|Matthew Henry's Concise Commentary|
2:1-13 Those who profess faith in Christ as the Lord of glory, must not respect persons on account of mere outward circumstances and appearances, in a manner not agreeing with their profession of being disciples of the lowly Jesus. St. James does not here encourage rudeness or disorder: civil respect must be paid; but never such as to influence the proceedings of Christians in disposing of the offices of the church of Christ, or in passing the censures of the church, or in any matter of religion. Questioning ourselves is of great use in every part of the holy life. Let us be more frequent in this, and in every thing take occasion to discourse with our souls. As places of worship cannot be built or maintained without expense, it may be proper that those who contribute thereto should be accommodated accordingly; but were all persons more spiritually-minded, the poor would be treated with more attention that usually is the case in worshipping congregations. A lowly state is most favourable for inward peace and for growth in holiness. God would give to all believers riches and honours of this world, if these would do them good, seeing that he has chosen them to be rich in faith, and made them heirs of his kingdom, which he promised to bestow on all who love him. Consider how often riches lead to vice and mischief, and what great reproaches are thrown upon God and religion, by men of wealth, power, and worldly greatness; and it will make this sin appear very sinful and foolish. The Scripture gives as a law, to love our neighbour as ourselves. This law is a royal law, it comes from the King of kings; and if Christians act unjustly, they are convicted by the law as transgressors. To think that our good deeds will atone for our bad deeds, plainly puts us upon looking for another atonement. According to the covenant of works, one breach of any one command brings a man under condemnation, from which no obedience, past, present, or future, can deliver him. This shows us the happiness of those that are in Christ. We may serve him without slavish fear. God's restraints are not a bondage, but our own corruptions are so. The doom passed upon impenitent sinners at last, will be judgment without mercy. But God deems it his glory and joy, to pardon and bless those who might justly be condemned at his tribunal; and his grace teaches those who partake of his mercy, to copy it in their conduct.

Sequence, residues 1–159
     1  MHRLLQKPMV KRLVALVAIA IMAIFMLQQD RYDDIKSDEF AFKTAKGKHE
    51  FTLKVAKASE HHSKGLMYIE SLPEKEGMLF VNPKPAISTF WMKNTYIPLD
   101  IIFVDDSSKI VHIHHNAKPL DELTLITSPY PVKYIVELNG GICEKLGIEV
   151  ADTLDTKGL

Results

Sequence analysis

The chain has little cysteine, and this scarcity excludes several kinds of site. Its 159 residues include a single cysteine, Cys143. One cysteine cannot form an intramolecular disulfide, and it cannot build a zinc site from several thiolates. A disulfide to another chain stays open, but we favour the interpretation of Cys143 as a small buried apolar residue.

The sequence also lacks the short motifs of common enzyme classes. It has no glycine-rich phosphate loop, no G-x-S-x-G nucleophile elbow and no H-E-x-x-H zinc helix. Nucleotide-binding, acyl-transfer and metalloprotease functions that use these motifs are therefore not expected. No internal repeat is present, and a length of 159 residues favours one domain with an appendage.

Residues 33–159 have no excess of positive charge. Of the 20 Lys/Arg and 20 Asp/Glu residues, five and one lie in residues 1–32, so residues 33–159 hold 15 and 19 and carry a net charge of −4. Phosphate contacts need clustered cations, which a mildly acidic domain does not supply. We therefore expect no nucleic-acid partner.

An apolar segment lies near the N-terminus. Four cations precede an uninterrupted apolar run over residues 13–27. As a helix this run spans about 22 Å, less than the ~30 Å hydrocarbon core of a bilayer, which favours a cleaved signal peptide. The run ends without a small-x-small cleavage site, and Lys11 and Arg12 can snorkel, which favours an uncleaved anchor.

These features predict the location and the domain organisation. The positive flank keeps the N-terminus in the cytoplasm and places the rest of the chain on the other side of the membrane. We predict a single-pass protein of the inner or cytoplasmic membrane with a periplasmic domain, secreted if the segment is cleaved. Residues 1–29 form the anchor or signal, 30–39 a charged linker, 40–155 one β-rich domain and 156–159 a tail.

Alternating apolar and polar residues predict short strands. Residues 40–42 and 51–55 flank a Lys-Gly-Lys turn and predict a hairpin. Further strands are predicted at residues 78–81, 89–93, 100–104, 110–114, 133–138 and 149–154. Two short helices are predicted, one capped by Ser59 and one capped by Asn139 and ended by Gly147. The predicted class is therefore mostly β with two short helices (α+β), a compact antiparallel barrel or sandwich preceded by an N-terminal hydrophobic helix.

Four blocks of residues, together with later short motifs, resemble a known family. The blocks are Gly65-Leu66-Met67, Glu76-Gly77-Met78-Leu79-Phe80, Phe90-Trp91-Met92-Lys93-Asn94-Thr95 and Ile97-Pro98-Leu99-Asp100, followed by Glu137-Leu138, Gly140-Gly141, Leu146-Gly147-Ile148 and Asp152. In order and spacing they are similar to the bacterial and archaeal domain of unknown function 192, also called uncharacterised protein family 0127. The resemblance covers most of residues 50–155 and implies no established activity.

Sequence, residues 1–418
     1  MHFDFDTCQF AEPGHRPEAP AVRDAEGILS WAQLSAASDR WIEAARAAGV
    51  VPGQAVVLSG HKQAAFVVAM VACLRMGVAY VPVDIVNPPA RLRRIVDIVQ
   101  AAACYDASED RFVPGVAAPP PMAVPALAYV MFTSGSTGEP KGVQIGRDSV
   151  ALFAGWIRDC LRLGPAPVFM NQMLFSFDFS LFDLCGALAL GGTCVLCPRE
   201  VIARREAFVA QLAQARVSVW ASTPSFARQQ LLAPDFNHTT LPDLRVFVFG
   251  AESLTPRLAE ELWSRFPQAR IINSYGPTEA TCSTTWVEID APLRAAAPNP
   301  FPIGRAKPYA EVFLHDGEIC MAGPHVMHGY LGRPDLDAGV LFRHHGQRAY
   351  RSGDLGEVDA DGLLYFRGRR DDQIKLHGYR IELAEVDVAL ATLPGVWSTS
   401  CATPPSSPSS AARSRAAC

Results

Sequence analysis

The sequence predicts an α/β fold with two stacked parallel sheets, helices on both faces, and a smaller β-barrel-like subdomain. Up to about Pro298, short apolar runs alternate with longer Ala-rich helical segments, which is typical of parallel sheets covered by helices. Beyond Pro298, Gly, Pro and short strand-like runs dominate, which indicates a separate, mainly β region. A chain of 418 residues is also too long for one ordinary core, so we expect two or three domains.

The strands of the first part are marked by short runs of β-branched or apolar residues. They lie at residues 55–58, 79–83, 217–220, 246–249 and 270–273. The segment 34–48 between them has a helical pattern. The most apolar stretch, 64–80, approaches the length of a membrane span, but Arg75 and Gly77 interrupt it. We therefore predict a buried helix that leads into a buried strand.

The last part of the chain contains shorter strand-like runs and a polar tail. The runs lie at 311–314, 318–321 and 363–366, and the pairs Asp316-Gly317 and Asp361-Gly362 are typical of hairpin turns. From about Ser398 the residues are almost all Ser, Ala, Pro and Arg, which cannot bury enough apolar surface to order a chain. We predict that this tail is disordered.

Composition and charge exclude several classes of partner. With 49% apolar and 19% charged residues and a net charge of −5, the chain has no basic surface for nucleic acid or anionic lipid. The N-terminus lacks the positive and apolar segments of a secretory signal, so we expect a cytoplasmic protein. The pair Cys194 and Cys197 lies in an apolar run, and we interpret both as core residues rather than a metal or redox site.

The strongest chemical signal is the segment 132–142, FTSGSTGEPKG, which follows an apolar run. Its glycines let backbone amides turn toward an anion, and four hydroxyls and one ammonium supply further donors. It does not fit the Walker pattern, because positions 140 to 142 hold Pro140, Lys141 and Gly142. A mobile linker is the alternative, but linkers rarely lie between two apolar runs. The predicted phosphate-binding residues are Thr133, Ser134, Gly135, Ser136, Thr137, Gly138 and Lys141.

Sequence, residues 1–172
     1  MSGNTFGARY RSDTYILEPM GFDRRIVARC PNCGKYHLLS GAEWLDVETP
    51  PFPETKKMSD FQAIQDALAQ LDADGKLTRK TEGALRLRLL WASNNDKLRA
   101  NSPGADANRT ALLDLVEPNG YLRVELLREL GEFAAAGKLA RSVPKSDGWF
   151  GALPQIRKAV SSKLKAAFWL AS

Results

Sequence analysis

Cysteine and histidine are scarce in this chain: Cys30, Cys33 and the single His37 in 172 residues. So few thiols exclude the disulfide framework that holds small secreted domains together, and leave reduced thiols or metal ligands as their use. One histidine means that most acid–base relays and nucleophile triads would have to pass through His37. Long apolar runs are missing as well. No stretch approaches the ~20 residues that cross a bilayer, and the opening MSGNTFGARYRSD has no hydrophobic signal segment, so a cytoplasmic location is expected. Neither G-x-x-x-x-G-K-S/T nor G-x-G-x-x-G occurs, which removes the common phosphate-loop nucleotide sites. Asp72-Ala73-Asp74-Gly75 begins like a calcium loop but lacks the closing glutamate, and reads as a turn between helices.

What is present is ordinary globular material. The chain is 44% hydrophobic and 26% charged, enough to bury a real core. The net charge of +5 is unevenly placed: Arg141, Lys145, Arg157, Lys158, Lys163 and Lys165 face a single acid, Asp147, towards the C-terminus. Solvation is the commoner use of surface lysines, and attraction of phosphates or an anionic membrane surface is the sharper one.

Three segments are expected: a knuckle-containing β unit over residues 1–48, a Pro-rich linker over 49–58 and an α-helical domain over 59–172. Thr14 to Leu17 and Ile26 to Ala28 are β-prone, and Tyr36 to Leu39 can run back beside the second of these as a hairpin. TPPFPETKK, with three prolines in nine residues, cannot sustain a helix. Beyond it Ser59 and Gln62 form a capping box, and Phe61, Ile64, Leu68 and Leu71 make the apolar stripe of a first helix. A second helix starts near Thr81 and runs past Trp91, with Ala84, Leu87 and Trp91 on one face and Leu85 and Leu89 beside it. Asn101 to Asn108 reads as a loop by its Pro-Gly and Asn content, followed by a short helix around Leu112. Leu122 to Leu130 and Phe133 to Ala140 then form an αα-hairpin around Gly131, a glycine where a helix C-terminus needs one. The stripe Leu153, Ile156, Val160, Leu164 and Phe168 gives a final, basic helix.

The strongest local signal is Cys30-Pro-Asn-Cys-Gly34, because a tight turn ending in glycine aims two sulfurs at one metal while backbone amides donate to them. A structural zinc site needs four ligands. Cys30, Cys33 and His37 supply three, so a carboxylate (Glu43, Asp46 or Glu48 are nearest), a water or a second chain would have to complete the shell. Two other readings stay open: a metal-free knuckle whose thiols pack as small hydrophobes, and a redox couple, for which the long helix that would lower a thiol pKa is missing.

Verse 9. - And are convinced, etc.; better, with R.V., being convicted by the law (ἐλεγχόμενοι ὑπὸ τοῦ νόμου). The Law of Moses directly forbade all respect of persons; see Leviticus 19:15 (three verses above the passage just quoted by St. James), Οὐ λήψῃ πρόσωπον πτωχοῦ οὐδὲ μὴ θαυμάσῃς πρόσωπον δυνάστον.
Gill's Exposition of the Entire Bible
But if ye have respect to persons, ye commit sin, &c. This is not doing well, but is a transgression of the law, as every sin is; hence it follows,
and are convinced of the law as transgressors; which carries on a formal process against such persons; it accuses them of sin, and charges them with it; it proves it upon them, and convicts them of it; it pronounces them guilty, and curses them for it; and passes the sentence of condemnation and death upon them; wherefore care should be taken not to commit this sin, and so fall under the convictions and reproofs of the law.
Jamieson-Fausset-Brown Bible Commentary
9. Respect of persons violates the command to love all alike "as thyself."
ye commit sin—literally, "ye work sin," Mt 7:23, to which the reference here is probably, as in Jas 1:22. Your works are sin, whatever boast of the law ye make in words (see on Jas 2:8).
convinced—Old English for "convicted."
as transgressors—not merely of this or that particular command, but of the whole absolutely.
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